While there are basic rules we have with every game we play, so much of drive work is instinctual, we need to look to our dogs for feedback on how they are enjoying the game rather than trying to make them like the game we want them to play.
4) Work with the dog you have, not the dog you want
Often we meet clients that desperately want to play tug with their dogs, but the dog has little to no prey drive. You cannot force a dog to have value for a reward it doesn’t want. When we build drive in a dog, we are working on what is already there genetically and harnessing it and building on it.
You can only work with the genetics that your dog was born with, and trying to make it take a reward it doesn’t want and have desire for will do more harm than good.
You can spend months or even years trying to shape your dog to play tug and some dogs will do it for food, but if it takes that long to get your dog to play tug; or it will only play tug under certain conditions such as with a fluffy squeaky toy on a cool day with no distractions around, the reality is that it probably doesn’t have enough prey drive to use successfully in competition.
So if your dog has more food drive, use it! We have many successful K9 Pro clients that train in food drive, when you watch the dog work you would not be able to tell the difference between a dog train in food or prey drive; the quality of the work looks the same.
5) What are you teaching outside of training?
This was a lesson that took me some time to learn, but I think it is really important. How you manage your dogs outside of training can and does make a huge difference to their performance.
If your dog is using up its drive outside of training, that will impact on how much it has to give in training.
If your dog always has access to its favourite reward, always has free access to you, knows that no matter what it will always get given a bowl full of dinner for free every night – that can impact on the dog’s desire to earn the reward when comes time to train and you ask it to work for something it usually gets for free.
Every interaction we have with our dogs is training them, and I believe that the relationship we have with our dogs day to day, outside of a structured training session, can directly impact on the way they work with us in training and competition.
6) Work ethic
Most dogs aren’t born with a good work ethic, that is something we create, teach and instil in them in training.
One of the most common phrases I hear in dog training is ‘always set the dog up for success’. This is not something I agree with entirely. I strongly believe sometimes we need to set our dogs up to fail; they need to taste the loss of the reward to make them work harder. We need to keep raising the bar in training at the right times and push our dogs to try harder and give their all; Steve’s training in drive program is designed so that we ask the dogs to give 110% so we know that we are getting everything they have to give.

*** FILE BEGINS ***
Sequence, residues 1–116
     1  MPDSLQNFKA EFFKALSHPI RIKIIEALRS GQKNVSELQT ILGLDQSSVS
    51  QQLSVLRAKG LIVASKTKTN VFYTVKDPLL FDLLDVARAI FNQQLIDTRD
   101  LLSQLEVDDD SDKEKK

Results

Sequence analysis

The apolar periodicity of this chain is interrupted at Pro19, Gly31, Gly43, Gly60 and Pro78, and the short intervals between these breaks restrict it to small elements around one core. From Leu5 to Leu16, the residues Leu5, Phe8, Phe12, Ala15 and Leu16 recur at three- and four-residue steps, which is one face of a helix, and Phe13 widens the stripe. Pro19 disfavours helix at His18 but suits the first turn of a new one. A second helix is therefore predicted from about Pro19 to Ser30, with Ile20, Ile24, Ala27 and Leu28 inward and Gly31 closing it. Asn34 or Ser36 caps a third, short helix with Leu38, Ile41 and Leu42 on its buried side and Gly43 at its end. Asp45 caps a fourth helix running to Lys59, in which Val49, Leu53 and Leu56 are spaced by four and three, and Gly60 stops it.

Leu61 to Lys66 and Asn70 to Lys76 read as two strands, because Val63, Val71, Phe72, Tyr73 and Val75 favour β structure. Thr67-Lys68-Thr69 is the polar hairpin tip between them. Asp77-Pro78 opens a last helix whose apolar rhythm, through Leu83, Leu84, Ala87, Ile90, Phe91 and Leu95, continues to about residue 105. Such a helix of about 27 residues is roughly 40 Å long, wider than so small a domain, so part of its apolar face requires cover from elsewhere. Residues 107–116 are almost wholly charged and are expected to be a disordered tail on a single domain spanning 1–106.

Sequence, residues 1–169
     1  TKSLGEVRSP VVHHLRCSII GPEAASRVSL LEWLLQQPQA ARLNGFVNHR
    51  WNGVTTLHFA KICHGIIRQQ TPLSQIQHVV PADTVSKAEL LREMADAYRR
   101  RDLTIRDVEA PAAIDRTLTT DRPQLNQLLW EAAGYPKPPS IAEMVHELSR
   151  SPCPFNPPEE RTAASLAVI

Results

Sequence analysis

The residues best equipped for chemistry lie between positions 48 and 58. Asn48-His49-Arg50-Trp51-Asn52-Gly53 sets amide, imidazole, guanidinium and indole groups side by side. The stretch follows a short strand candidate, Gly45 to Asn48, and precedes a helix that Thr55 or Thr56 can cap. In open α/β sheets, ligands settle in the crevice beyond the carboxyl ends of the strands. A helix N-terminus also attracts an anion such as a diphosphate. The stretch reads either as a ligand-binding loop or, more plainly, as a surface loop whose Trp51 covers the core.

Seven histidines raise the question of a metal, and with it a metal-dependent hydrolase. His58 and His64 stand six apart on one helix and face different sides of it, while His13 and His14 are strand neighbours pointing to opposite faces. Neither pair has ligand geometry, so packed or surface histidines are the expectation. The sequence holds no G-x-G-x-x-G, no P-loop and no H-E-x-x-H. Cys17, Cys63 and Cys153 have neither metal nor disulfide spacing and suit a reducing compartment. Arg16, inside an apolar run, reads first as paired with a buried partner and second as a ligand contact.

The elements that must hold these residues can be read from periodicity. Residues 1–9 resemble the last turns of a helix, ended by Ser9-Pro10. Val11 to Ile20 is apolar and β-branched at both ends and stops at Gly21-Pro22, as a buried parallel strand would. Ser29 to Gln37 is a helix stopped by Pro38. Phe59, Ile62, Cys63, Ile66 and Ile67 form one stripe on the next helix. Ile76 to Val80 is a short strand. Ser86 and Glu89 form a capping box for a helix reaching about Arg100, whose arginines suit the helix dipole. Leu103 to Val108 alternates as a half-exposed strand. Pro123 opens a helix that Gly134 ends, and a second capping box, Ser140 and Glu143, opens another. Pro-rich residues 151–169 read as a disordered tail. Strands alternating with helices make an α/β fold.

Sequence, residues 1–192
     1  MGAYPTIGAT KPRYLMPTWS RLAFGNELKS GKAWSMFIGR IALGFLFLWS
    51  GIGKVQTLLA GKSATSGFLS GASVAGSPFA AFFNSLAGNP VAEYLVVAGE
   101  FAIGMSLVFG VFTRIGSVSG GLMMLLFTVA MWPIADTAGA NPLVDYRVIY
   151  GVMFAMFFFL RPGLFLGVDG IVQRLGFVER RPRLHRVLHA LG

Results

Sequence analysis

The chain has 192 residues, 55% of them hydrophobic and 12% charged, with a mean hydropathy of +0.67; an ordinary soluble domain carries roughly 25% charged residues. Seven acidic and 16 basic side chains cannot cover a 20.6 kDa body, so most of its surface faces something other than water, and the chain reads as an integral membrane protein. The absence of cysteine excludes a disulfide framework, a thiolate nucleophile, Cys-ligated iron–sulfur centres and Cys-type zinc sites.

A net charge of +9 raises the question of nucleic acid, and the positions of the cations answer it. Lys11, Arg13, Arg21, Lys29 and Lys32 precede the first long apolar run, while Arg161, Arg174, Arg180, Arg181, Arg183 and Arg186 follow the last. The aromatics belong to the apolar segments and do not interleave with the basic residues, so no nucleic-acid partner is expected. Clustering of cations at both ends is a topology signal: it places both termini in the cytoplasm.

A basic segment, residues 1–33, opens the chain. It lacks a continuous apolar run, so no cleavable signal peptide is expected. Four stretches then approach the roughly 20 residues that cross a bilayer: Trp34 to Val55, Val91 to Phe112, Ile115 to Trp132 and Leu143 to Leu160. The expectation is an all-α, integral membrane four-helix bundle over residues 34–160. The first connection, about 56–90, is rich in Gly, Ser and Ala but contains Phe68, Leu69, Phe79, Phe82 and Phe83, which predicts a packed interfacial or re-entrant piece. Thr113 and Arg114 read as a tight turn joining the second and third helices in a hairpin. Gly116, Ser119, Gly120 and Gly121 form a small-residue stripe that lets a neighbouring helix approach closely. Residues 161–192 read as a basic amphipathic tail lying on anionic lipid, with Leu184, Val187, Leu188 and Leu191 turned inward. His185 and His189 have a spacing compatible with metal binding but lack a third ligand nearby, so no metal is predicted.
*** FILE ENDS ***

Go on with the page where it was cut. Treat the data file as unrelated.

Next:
If you make training easy and don’t push your dog to try harder, if you don’t build a bit of frustration and let them feel the loss of the reward, you run the risk of teaching your dog it can gain rewards without putting in 100%. Training your dog is about team work, and it’s not a team if you are the only one putting in real effort.
7) Training a high drive dog doesn’t make it easy
A lot of people say to me that training must be a lot easier now I handle Wisdom, who is an extremely high drive working line Malinois, than it was to handle my Beagle Daisy who is only moderately food driven. The reality is that more drive doesn’t make it a dog easier to handle, it makes them easier to motivate which isn’t the same thing. There are many ways in which training Wisdom is a lot harder than any other dog I’ve trained or handled before. I don’t have to work as hard at motivating her as I did with Daisy, because Wisdom has more drive than I would ever need to use – but having a dog with that much drive is a big responsibility. It is easy for them to go into drive for something else and they require a higher level of management than the average dog.
When you do play tug or even food games with a very high drive dog you have to be confident in your handling skills or they will monster you. It is easy to end up bruised and bleeding, in fact we still get our fair share of bruises and accidental bites every now and then. It is certainly a challenge handling a highly driven, powerful dog! Getting a dog with more drive isn’t the answer to every problem, if you can’t train the dog you already have, you aren’t going to have any more success with a dog that has a lot more grunt – in fact it can highlight your handling errors even more!